The Federal Trade Commission (FTC) may soon pass new rules that strengthen federal protections for consumers who purchase products or services that are automatically renewed. The FTC rule proposal on automatic renewals would impose strict requirements on companies that offer automatic renewal subscriptions, or negative options, to consumers. Federal statutes and rules typically refer to automatic renewals as “negative options” because the absence of any affirmative action by the customer is enough to justify the auto-renewal. In other words, silence or inaction by the consumer is construed as acceptance of the auto-renewal contract. The amended FTC rule would make it easier for consumers to cancel their auto-renewal subscriptions, and it would impose civil penalties on companies that violate federal law.
For more information about the proposed amendments to the FTC Rule on Automatic Renewals, keep reading this blog.
What Is the Federal Law on Automatic Renewals?
California consumer protection lawyers are familiar with California’s Automatic Renewal Law (ARL), which regulates businesses that offer auto-renewing subscriptions to consumers in the state. The federal analogue to the ARL is the Negative Option Rule, which has been in effect in every state for 50 years. The Negative Option Rule is enforced through Section 5 of the FTC Act. In this context, automatic renewals are called “negative options” because sellers are allowed to interpret a customer’s silence as implied acceptance of an auto-renewal offer.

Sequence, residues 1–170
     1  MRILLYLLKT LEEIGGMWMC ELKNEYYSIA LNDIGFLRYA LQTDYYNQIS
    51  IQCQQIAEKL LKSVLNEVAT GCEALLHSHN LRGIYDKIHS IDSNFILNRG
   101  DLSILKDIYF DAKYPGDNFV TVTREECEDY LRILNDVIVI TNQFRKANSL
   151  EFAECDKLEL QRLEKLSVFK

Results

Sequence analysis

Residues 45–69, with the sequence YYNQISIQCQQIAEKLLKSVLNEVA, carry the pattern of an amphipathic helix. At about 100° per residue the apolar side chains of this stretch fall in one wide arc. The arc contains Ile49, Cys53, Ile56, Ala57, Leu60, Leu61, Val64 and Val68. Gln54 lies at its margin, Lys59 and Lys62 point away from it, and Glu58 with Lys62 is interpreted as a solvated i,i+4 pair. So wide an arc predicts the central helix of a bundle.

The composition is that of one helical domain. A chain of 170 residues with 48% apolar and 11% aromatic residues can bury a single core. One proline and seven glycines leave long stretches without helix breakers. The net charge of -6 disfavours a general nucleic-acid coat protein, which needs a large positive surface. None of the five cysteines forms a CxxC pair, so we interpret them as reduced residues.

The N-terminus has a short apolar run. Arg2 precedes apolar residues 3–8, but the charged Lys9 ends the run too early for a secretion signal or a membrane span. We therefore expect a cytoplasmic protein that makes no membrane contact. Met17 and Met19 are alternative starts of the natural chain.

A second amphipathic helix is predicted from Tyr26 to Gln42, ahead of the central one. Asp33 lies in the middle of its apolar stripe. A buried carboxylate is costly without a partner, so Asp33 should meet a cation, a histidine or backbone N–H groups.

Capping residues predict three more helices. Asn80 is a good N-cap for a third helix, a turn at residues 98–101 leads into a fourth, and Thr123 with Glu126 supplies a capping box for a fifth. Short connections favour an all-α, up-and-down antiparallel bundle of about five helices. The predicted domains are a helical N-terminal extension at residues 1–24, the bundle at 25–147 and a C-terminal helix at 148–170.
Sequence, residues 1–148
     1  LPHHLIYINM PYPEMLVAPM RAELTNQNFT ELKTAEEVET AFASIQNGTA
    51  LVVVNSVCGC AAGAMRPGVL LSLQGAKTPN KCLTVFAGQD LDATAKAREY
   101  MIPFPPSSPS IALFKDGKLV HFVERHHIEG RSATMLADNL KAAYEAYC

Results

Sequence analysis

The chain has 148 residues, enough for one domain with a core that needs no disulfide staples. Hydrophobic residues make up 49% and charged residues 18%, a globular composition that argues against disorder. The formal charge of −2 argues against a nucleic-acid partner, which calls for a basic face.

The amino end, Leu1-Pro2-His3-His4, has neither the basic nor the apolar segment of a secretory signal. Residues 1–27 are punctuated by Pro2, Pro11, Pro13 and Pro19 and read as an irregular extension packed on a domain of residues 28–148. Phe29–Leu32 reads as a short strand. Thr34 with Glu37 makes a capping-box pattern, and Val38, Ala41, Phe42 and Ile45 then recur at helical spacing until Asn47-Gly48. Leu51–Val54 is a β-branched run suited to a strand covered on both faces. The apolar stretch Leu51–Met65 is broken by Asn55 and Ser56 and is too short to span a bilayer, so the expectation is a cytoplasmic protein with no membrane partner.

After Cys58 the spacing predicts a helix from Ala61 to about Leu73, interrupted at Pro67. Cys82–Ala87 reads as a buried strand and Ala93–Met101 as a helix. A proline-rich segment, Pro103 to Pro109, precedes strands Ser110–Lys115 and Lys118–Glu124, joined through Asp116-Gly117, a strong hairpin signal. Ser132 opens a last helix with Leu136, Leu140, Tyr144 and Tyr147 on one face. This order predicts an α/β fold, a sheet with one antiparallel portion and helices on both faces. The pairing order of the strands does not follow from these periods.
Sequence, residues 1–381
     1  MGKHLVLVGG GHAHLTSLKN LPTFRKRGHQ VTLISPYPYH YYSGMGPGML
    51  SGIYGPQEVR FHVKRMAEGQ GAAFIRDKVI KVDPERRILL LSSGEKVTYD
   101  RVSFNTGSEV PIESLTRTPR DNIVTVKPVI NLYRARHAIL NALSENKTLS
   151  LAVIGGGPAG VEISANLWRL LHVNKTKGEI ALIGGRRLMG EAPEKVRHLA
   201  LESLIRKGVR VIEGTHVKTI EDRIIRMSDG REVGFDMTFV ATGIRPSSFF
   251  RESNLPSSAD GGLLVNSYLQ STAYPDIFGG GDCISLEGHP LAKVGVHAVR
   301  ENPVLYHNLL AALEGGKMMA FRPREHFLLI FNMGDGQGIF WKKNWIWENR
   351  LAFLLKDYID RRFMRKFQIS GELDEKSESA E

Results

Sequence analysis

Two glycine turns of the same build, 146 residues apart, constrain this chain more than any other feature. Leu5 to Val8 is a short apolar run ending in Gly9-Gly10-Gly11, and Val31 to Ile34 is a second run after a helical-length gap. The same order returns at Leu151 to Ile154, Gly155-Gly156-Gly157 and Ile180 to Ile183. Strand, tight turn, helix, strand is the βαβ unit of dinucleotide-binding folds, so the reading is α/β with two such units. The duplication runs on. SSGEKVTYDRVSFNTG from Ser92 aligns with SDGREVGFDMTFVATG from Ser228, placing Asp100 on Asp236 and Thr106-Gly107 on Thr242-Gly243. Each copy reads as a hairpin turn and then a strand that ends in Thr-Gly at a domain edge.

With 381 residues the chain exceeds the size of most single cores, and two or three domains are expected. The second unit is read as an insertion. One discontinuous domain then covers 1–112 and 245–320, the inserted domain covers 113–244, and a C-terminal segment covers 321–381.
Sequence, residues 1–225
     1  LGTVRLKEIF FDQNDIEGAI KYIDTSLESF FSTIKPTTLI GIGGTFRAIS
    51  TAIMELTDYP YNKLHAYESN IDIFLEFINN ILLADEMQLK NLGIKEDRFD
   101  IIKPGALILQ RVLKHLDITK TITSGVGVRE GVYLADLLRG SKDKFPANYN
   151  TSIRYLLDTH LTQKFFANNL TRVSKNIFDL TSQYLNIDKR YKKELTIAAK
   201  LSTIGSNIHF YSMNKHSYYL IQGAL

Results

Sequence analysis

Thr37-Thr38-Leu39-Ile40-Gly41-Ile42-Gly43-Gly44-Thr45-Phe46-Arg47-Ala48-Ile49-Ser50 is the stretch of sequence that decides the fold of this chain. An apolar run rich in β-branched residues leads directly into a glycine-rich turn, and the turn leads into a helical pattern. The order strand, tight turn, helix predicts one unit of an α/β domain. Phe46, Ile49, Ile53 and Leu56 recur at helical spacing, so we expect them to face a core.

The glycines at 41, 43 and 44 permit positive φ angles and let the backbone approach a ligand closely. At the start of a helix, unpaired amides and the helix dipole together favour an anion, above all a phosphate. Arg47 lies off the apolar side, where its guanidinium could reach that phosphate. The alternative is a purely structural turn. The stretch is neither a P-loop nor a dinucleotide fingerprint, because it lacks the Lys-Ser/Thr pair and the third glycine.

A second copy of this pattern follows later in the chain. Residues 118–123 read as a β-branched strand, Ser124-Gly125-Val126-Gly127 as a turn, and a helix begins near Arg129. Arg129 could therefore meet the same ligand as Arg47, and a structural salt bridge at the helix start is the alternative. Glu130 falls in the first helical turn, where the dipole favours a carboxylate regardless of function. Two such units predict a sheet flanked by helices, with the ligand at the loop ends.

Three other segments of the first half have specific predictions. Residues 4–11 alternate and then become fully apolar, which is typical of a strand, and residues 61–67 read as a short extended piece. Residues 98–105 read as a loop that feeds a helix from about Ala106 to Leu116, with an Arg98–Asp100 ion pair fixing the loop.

There are some major limitations on the Negative Option Rule. For example, the federal law only regulates prenotification plans. This means that the law only applies to companies that attach auto renewals to customer agreements before the sale of products or services.
FTC Proposes Amendment to the Federal Rule on Automatic Renewals
The FTC has proposed amendments to the federal Automatic Renewal Law. The suggested changes to federal law would have a significant effect on many state laws, especially in states that do not already regulate auto-renewal subscriptions. Some of the specific regulations that would be modified or added to federal law under the rule change include:
- Mandatory upfront disclosures of auto-renewal plans.
- Penalties for company misrepresentations about auto-renewal plans.
- Obtaining consumer consent for enrolling in auto-renewal plans.
- Annual reminders about automatic renewals.
- Easier cancellation of auto-renewal plans.
Ultimately, the FTC will decide whether to approve or decline the proposed rule changes. The federal agency might also decide to make revisions and then open up the new amendment for public comments.